"It only happens here not because of coincidence, not because of bad luck, but as a consequence of our inaction," said Murphy said in a speech on the Senate floor Wednesday. "We are responsible for a level of mass atrocity that happens in this country with zero parallel anywhere else."
Meanwhile, Florida's two senators offered dramatically different responses to the slayings.
Sen. Bill Nelson, D-Fla., called for Congress to renew efforts to beef up background checks on guns and to ban assault weapons.
"Let's don't hide from it," he said. "Let's have a conversation about this right now. Not just about mental illness, and that's part of it. Not just about protection in our schools, and that's part of it. Let's get to the root cause. Let's come together and help end this violence. Let's talk about that 19-year-old carrying an AR-15. Let's do what needs to be done, and let's get these assault weapons off our streets."
But Sen. Marco Rubio, R-Fla., said that while it was not inappropriate to mix grieving with a debate over policy, of the proposals that have been offered up to this point would not have prevented this tragedy.
"It is a very difficult thing to stop" if someone is determined to kill people, he said. But he added there were clear warnings on social media that the alleged shooter, Nikolas Cruz, 19, a former student at the school was mentally unstable.
"There is no longer such a thing as an innocent posting online where you can just assume the person is weird or harmless," Rubio said. "I'm not saying, don't focus on the gun part. But we also have to focus on the violence part."
Sandy Hook Aftermath
The Wednesday shooting at Marjory Stoneman Douglas High School was the second-deadliest school shooting in the nation's history. It is second only to the slayings at Sandy Hook Elementary School in Newtown, Conn., in 2012, which left 20 children and six adult staff members dead.
After that incident, then-President Barack Obama called on Vice President Joe Biden to seek solutions to the country's gun violence problem. The administration sought a ban on assault weapons sales, limits on magazine capacity, and increased background-check requirements for gun purchasers. Those efforts failed for lack of congressional support.
The president also proposed $150 million in new money for school-based resource officers and mental-health professionals, $50 million for training new social workers, $30 million to help districts revamp their emergency-preparedness plans, and $15 million in new funding to train teachers in "mental-health first aid.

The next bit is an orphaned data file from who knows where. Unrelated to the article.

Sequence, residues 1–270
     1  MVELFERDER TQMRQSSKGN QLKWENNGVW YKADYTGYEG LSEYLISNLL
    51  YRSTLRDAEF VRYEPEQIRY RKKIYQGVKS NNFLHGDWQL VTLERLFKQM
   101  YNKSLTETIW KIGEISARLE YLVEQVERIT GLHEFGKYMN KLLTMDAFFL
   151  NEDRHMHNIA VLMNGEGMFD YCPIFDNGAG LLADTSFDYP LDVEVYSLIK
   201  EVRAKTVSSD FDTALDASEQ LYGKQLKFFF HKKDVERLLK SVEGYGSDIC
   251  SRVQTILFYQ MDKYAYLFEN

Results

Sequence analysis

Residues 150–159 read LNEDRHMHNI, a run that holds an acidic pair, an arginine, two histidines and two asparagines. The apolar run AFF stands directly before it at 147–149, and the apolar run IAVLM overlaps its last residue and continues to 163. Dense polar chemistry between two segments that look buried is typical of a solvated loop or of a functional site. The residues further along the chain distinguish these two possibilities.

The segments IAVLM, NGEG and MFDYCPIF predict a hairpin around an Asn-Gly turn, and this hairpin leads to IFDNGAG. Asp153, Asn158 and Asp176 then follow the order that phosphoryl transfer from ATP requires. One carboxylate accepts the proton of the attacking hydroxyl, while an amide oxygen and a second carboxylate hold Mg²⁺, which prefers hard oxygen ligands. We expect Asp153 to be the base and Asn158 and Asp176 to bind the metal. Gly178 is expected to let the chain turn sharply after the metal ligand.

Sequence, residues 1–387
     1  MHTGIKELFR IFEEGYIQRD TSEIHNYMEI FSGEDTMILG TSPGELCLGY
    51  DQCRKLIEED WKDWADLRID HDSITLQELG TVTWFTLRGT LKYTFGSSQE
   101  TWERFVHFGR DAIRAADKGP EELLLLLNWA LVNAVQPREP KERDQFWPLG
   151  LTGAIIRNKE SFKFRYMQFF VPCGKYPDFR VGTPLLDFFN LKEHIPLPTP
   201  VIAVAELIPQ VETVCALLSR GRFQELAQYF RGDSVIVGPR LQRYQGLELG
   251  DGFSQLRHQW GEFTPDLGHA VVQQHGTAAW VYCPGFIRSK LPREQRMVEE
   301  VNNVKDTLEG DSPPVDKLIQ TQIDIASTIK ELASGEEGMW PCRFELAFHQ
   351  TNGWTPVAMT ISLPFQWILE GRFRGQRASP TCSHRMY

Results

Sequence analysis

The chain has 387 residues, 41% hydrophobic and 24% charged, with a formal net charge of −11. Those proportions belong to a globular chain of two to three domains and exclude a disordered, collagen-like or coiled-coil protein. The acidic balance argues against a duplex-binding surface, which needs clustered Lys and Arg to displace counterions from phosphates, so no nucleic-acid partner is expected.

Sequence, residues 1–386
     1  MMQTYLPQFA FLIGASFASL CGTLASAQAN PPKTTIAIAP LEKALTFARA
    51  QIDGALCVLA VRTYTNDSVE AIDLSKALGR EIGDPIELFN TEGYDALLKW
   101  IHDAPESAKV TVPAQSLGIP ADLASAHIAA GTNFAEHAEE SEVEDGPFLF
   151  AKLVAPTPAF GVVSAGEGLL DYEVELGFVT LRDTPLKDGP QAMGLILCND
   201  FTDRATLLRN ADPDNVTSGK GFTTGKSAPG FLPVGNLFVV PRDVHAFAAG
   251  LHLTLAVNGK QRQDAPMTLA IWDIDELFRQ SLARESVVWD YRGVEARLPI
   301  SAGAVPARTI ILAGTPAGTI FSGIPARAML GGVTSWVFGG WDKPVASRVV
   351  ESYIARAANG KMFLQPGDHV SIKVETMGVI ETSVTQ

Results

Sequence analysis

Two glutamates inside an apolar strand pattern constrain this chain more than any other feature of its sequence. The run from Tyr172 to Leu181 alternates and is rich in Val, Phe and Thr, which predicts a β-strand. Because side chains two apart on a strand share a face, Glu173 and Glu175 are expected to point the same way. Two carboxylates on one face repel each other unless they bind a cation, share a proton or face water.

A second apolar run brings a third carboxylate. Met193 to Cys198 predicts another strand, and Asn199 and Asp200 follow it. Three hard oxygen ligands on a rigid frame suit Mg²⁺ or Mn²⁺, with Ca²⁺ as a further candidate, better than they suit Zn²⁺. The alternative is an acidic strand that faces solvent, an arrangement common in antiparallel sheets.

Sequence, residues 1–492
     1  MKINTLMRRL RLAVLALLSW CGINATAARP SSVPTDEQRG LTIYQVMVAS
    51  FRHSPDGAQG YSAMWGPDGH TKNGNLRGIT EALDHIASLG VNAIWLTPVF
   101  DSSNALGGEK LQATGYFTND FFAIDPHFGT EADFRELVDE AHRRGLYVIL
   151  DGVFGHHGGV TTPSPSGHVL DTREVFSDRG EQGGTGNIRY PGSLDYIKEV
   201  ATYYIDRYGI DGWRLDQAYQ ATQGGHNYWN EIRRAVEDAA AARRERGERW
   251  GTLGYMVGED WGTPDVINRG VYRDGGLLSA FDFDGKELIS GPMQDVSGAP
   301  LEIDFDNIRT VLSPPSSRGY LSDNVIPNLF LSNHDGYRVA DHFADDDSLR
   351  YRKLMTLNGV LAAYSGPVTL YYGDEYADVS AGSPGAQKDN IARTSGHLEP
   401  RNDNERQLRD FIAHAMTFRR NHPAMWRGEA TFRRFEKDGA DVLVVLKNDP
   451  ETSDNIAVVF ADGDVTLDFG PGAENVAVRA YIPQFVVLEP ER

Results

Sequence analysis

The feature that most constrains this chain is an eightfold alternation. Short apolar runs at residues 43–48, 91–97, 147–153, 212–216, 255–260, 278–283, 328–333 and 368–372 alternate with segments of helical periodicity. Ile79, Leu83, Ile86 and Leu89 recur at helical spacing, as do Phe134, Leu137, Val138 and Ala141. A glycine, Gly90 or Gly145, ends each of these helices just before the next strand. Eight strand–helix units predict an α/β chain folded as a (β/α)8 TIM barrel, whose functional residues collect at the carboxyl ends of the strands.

Congress ended up funding some similar proposals. For instance, lawmakers provided money for at least three grant programs aimed at mental health, school counseling, and school safety at the Education Department. Those included school climate transformation grants and grants for school emergency management. The Education Department also provided grants to schools impacted by shootings through Project SERV, the primary vehicle for responding to disasters and violence.
And lawmakers allocated additional funding for school resource officers in 2013, 2015, and 2016, according to the National Association for School Resource Officers.
Congress provided nearly $15 million for Mental Health Awareness Training Grants, to help teachers and other adults who work with youth to provide "mental health first aid." Congress also provided nearly $50 million in grants to state education agencies to help better coordinate state efforts to make schools safer and boost access to mental health services. And lawmakers approved nearly $20 million for a Healthy Transitions program, to support state efforts to make schools safer and increase access to mental health programs.
Lawmakers also made mental health a focus of the Every Student Succeeds Act, allowing, for instance schools to use Title I dollars for disadvantaged students for counseling and mental health programs. Schools can also use professional development money under Title II to train teachers on mental health, for instance by partnering with public or private mental health organizations.
ESSA also consolidated other health and safety programs to create the Student Support and Academic Enrichment Grants, a flexible $1.6 billion fund that school districts could use for school counseling and safety programs. But Congress only provided a quarter of the funding for that program, $400 million. And the Trump administration has proposed slashing it entirely. Trump also proposed refocusing the department's school climate grants on combatting the opioid epidemic.
President Donald Trump delivers a statement on the mass shooting at Marjory Stoneman Douglas High School on Feb. 15 at the White House.